Men, you may be the ones responsible for birth control within the next few years, and it isn't in the form of a condom.

According to a press release from the Parsemus Foundation, a non-profit focusing on low-cost medical approaches, Vasagel is expected to be here as early as 2017.

In a recent experiment, the gel was injected into three male baboons. The baboons were given unrestricted sexual access to 10 to 15 female baboons each.  After six months of sexual activity, none of the female baboons have been impregnated.

Due to the success of these early experiments, the gel is expected to start human trials in 2015.  If all goes well for the human trials, we may be seeing Vasagel on the market as early as two years from now.

The gel works as a single treatment through an injected polymer that stops sperm from passing through the vas deferens, the same tube that is cut in a vasectomy procedure. The polymer acts as a shield and can be removed via a second injection if a male chooses to eventually release the sperm.

The technology was developed over 15 years ago by Sujoy Guha, a doctor in India. It originated as a technology called RISUG (Reversible Inhibition of Sperm Under Guidance) and Vasagel is an updated iteration of this technology.

While the new formula will certainly be popular among the single male crowd, it isn't necessarily appealing for the pharmaceutical market, who tend to favor treatments that require more regular dosages in an attempt to make more money per dose similar to female birth control pills.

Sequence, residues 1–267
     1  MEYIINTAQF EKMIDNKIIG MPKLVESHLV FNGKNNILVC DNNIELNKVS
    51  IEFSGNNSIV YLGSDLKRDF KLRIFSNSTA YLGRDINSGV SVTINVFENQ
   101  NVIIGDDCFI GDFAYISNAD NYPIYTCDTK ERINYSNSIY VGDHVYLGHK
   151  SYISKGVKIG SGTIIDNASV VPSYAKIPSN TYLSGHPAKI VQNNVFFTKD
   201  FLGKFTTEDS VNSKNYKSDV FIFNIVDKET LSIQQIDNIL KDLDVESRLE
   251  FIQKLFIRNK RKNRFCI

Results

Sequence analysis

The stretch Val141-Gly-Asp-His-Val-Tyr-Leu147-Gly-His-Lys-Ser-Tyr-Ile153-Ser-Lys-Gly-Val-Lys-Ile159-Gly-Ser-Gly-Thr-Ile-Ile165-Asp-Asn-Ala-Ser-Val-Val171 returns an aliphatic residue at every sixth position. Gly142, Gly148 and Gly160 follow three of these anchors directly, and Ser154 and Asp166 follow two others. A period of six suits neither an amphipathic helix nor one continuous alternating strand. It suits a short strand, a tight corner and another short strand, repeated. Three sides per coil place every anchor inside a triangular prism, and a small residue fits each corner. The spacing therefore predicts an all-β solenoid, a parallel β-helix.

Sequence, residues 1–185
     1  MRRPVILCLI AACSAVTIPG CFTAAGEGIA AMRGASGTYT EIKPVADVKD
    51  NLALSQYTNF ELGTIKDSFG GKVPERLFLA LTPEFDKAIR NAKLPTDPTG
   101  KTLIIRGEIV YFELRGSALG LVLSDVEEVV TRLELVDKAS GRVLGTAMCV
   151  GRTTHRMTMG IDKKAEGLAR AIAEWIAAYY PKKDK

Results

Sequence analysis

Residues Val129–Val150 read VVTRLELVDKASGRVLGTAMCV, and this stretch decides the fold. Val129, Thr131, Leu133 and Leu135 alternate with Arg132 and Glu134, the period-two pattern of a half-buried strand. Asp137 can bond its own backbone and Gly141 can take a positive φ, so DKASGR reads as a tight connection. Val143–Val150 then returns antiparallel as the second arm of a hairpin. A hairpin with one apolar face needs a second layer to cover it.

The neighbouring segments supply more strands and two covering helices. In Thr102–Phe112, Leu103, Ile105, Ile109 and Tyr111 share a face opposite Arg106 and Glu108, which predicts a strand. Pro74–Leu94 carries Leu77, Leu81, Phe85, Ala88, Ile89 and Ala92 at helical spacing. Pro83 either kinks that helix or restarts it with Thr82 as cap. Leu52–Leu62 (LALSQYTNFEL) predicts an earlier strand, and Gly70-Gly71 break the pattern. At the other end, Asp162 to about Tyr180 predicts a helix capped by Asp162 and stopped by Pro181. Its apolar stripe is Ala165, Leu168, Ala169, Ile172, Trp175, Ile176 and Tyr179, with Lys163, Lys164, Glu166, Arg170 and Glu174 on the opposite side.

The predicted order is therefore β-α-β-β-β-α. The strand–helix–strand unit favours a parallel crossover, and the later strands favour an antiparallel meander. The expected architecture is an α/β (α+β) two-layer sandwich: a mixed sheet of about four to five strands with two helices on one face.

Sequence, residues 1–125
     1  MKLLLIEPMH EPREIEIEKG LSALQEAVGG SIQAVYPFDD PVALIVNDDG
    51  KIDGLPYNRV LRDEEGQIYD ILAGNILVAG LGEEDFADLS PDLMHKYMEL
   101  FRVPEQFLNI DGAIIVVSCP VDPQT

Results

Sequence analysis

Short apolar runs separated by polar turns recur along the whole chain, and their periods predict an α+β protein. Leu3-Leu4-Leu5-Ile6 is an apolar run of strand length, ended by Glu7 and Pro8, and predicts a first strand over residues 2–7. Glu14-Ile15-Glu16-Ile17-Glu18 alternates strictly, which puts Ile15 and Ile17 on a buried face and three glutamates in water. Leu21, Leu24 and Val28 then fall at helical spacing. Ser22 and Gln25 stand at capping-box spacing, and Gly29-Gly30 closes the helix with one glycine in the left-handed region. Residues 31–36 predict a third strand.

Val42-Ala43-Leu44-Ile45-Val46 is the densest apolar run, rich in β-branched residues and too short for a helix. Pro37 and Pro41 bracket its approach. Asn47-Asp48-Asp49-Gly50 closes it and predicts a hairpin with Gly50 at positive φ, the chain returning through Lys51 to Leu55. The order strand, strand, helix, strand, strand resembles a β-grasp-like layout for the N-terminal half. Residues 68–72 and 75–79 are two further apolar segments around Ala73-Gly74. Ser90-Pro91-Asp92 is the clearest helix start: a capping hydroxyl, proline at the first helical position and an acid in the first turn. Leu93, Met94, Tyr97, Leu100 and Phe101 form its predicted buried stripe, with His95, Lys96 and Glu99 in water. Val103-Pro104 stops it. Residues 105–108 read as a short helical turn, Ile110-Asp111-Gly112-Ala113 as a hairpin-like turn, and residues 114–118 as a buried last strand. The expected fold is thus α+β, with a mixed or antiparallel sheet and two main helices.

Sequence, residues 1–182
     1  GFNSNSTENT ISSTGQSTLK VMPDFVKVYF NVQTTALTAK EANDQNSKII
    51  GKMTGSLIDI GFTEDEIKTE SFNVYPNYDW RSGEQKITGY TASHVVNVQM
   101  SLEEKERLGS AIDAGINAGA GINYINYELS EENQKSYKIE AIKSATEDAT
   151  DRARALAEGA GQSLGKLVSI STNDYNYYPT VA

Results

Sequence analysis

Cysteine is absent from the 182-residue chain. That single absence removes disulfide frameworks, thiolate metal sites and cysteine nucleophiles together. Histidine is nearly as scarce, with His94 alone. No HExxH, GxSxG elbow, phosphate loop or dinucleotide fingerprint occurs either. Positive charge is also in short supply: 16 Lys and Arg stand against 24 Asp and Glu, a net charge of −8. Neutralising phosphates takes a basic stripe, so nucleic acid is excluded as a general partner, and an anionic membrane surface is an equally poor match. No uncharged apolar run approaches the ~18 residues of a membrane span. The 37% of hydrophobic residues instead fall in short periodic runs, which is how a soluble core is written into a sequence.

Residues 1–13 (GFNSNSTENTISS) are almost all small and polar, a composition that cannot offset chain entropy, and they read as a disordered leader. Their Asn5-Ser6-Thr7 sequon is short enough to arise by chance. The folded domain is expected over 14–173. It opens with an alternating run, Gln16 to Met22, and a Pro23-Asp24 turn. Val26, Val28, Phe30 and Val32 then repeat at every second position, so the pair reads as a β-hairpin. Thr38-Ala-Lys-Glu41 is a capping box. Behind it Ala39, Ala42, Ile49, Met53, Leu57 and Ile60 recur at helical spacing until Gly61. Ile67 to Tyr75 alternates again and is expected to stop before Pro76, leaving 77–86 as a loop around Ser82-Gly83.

If the estimated release of Vasagel from the Parsemus foundation holds true, it will not only redefine a new sexual generation but also create a new religious and sociological conversation centered around a man's right to birth control, similar to what we've been seeing for women in the past few decades.

Considering that female birth control had a radical effect on society's view of casual sex, the concept of a male-only birth control leaves a lot of questions up in the air about how it will redefine modern day society.

Either way, it looks like the future of birth control consists of men taking just as much responsibility for preventing unexpected pregnancies as their partners.  Considering the issues centered around overpopulation and lack of resources, this form of birth control is both a scientific and sociological breakthrough.  

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